US death toll from Matthew climbs to 20; 1,500 stranded in NC city
Ten people have died from the storm in North Carolina, Gov. Pat McCrory said Monday. That brings the US death toll from Matthew to 20.
McCrory said one of the most recent deaths was in Johnson County, where a car drove into flooded waters and was swept away.
He said five people remain missing.
Meanwhile, 1,500 people are still stranded by floodwaters in Lumberton, North Carolina, McCrory said.
“We have people on roofs as we speak,” he said.
McCrory said the Federal Aviation Administration has ordered flight restrictions over the area so rescue helicopters can work.
Matthew’s wrath is finally over, but what the storm left behind is causing widespread misery.
About 500,000 customers are still without power in North Carolina, where record-breaking flooding led to 1,000 emergency rescues over the weekend — including some in chest-deep water.
And while storm victims in Florida, Georgia and South Carolina can start to clean up, rivers in North Carolina could top their banks during the next several days — leading to further destruction.
North Carolina’s misery
State officials believe heavy rains — aided by wind-driven storm surges of up to six feet — could lead to flooding on a level unseen since Hurricane Floyd hit in 1999.
Rescuers have already saved 1,000 people across eastern North Carolina, including 701 in Cumberland County, authorities said. The Coast Guard deployed a helicopter to pluck eight people from rooftops in the town of Pinetops.
One of the cities hardest hit by the flooding was Fayetteville. Trees toppled throughout the city like broken matchsticks.
Not far from Fayetteville, Matthew’s torrential rains caused dams to breach near Raleigh and Lumberton.
With the Tar River expected to crest at 35.8 feet, more than 15 feet above flood stage, authorities ordered a mandatory evacuation Sunday for parts of Greenville, Goldsboro, Princeville, Tarboro and other nearby towns.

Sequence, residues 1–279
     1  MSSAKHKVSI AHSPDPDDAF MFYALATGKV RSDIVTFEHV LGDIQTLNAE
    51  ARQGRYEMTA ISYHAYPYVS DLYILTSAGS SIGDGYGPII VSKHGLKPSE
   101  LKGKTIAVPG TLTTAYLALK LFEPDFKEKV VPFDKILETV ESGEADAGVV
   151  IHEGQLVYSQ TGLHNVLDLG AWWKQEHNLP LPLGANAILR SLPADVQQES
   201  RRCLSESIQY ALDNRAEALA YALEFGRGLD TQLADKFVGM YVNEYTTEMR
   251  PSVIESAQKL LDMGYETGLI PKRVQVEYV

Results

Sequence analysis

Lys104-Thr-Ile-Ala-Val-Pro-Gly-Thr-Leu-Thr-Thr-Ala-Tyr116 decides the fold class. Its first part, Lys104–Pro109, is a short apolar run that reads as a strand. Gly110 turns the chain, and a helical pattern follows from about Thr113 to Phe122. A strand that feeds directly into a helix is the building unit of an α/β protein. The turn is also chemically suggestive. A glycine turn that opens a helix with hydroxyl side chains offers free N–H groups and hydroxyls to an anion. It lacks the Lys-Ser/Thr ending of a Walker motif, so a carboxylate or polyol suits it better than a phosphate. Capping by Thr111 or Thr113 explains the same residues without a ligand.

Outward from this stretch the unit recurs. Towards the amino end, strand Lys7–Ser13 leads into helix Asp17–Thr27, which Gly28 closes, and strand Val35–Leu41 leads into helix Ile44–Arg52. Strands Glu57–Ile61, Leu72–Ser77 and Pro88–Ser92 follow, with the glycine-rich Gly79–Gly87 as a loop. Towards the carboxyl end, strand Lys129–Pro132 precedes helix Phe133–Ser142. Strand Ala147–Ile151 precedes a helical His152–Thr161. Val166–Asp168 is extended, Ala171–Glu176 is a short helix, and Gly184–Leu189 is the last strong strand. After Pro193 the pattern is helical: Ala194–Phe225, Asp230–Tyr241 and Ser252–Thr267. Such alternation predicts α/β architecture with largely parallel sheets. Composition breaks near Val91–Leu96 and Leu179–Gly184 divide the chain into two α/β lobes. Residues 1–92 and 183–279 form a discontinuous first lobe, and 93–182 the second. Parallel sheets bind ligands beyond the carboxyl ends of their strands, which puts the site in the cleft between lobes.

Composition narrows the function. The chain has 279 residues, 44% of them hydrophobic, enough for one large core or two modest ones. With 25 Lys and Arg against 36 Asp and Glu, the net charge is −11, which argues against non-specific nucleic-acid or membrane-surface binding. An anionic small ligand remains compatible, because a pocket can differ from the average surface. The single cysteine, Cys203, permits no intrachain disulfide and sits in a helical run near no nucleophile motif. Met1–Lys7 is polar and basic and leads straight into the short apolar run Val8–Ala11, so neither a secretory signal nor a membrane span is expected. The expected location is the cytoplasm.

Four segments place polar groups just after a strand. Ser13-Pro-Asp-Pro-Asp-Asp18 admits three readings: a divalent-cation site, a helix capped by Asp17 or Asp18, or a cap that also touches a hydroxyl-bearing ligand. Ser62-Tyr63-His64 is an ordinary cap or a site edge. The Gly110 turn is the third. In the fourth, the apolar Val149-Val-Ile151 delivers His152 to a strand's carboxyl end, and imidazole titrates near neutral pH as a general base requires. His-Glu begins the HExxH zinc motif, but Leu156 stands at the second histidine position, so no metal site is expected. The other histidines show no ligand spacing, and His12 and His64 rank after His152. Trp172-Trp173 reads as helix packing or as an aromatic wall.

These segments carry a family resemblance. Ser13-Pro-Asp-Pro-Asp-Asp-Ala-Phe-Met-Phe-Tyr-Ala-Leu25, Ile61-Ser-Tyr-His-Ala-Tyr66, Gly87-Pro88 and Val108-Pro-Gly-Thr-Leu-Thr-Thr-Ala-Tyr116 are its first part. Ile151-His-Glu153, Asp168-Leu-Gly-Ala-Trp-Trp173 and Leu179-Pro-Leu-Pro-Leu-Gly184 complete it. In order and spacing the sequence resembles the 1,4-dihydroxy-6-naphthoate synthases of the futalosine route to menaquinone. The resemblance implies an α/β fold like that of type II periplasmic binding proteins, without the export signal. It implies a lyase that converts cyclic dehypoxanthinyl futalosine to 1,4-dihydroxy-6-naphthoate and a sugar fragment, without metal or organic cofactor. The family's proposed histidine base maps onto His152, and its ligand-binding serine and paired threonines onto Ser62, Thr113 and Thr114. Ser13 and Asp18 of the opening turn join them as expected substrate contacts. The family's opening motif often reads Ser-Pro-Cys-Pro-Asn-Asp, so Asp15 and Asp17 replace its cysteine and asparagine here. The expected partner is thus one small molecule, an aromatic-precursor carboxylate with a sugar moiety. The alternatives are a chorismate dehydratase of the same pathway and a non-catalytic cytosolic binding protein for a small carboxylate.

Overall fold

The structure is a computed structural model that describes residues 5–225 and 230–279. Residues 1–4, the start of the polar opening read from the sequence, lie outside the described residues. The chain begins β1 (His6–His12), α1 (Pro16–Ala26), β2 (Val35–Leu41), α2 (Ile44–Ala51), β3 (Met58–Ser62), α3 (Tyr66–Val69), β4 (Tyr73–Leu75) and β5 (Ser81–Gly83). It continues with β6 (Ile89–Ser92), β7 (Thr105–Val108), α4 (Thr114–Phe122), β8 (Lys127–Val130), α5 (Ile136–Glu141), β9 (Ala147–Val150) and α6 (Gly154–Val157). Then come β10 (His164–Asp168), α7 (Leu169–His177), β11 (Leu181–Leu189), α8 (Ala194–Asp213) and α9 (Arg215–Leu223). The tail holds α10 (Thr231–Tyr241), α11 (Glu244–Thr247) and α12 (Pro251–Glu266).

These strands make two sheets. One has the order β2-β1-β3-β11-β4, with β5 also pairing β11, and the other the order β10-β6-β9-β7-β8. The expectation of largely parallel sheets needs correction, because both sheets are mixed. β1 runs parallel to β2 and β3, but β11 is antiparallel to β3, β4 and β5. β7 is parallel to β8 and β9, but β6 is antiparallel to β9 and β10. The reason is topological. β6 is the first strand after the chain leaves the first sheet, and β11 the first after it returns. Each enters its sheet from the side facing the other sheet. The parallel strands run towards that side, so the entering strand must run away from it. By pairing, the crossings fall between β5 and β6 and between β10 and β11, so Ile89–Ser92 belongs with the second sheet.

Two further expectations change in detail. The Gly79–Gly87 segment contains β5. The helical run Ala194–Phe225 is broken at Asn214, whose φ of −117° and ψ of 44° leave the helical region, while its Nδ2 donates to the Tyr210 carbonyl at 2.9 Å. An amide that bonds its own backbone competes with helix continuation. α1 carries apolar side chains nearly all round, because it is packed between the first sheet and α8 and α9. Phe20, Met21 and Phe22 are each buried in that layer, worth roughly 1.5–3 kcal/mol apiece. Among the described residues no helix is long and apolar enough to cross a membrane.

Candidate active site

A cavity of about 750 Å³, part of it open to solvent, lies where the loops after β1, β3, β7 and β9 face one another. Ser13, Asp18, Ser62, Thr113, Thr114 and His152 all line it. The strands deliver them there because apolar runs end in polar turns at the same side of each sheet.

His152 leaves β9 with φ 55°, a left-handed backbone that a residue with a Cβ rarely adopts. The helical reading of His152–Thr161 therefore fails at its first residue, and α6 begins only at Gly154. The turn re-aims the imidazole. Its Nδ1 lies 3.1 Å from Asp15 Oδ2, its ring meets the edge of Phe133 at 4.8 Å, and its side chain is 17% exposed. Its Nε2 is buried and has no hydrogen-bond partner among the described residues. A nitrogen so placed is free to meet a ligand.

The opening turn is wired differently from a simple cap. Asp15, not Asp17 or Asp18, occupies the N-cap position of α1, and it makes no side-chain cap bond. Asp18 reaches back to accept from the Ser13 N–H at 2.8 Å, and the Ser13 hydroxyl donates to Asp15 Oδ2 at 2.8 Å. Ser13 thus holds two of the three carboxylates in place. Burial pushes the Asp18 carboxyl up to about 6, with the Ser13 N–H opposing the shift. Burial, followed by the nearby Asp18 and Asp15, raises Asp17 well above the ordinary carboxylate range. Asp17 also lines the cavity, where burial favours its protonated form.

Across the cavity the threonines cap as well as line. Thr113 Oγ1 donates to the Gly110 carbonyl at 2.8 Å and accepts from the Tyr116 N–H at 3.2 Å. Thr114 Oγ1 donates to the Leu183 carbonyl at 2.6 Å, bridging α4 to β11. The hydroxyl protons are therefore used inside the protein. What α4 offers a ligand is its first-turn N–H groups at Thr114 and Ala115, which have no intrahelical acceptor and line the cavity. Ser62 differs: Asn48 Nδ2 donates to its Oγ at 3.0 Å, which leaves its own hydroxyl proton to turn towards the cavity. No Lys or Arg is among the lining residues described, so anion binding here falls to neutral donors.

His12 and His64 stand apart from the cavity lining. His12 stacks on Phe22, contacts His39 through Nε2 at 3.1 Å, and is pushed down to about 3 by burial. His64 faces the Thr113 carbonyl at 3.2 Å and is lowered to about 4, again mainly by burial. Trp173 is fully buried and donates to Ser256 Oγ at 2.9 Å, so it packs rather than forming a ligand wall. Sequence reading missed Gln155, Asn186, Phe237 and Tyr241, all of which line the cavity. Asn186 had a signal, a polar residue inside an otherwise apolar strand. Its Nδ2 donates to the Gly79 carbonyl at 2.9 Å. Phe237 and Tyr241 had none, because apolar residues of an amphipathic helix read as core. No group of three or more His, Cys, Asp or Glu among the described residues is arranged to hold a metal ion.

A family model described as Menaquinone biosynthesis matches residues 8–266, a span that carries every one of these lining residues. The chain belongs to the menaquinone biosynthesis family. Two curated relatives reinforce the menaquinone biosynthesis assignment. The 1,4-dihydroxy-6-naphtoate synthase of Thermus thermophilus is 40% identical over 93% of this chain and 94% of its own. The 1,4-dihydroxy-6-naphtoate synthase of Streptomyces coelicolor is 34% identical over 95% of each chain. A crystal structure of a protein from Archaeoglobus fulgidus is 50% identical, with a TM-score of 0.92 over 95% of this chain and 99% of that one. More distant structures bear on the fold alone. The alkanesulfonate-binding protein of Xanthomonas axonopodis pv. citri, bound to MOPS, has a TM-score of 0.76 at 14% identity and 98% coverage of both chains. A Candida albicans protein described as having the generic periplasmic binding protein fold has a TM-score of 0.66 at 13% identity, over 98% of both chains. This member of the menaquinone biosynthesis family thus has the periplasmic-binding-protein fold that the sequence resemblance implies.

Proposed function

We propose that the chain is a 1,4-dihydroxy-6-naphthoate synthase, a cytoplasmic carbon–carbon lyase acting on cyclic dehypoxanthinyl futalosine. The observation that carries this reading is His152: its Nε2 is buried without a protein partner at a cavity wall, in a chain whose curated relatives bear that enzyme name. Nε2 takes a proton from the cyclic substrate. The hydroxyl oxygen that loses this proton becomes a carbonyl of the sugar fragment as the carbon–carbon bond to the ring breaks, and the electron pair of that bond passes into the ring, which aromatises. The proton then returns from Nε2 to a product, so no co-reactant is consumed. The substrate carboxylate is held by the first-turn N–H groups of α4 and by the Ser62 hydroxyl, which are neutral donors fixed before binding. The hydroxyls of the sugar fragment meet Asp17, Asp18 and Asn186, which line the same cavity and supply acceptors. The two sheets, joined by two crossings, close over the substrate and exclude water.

Flooding in Georgia, South Carolina
A total of three people died in South Carolina due to Matthew.
David L. Outlaw, 66, drowned when his wheelchair got pinned down in standing water at a nursing facility’s courtyard, Richland County Coroner Gary Watts said. Bodies were also found in vehicles in Florence and Pamplico, though autopsies were pending, Florence County Deputy Coroner Bo Myers said.
With conditions improving, Gov. Nikki Haley lifted evacuation orders Sunday in half of the eight remaining counties. While people can now return home to Charleston, Dorchester, Berkeley and Colleton counties, evacuation orders remain in place for Beaufort, Georgetown, Horry and Jasper counties.
Still, Haley cautioned drivers about dangerous road conditions.
“I’m going to ask for patience,” Haley said. “Do not plan to go home.”
In Savannah, Georgia, Sue Alice Walker, 85, awoke this weekend to find 3 inches of water flowing inside her home.
“First, I saw it in the living room, then in the kitchen, and then last it came in my son’s room,” she told CNN’s Sara Ganim.
Over the weekend, Walker had to mop and shovel the water into buckets, hoping to salvage her house as the storm passed.
“The city of Savannah has already started to clean things up,” Savannah resident Jordan Studdard told CNN. “This town has been hurt, but everyone is coming together to help.”
Florida begins cleanup efforts
Florida Gov. Rick Scott took an aerial tour of the Jacksonville area to survey the destruction.
He described the damage, including beach erosion and washed out roads, as “unbelievable.” But he remained thankful the eye of the storm had stayed off Florida’s coastline.
During the storm, raging waters made roadways look more like rivers in parts of Jacksonville and other coastal communities. Meteorologists noted that storm surge went higher than four feet in some areas.
Scott said 132,000 homes still had no power as of Sunday, though the cleanup was moving quickly.
CNN’s Faith Karimi, David Alsup, Sheena Jones, Sara Ganim, Derek Van Dam, Nick Valencia, Rolando Zenteno, Dave Hennen, Michael Guy, Susanna Capelouto, Joe Sutton, Judson Jones, Steve Almasy and Stephanie Elam contributed to this report.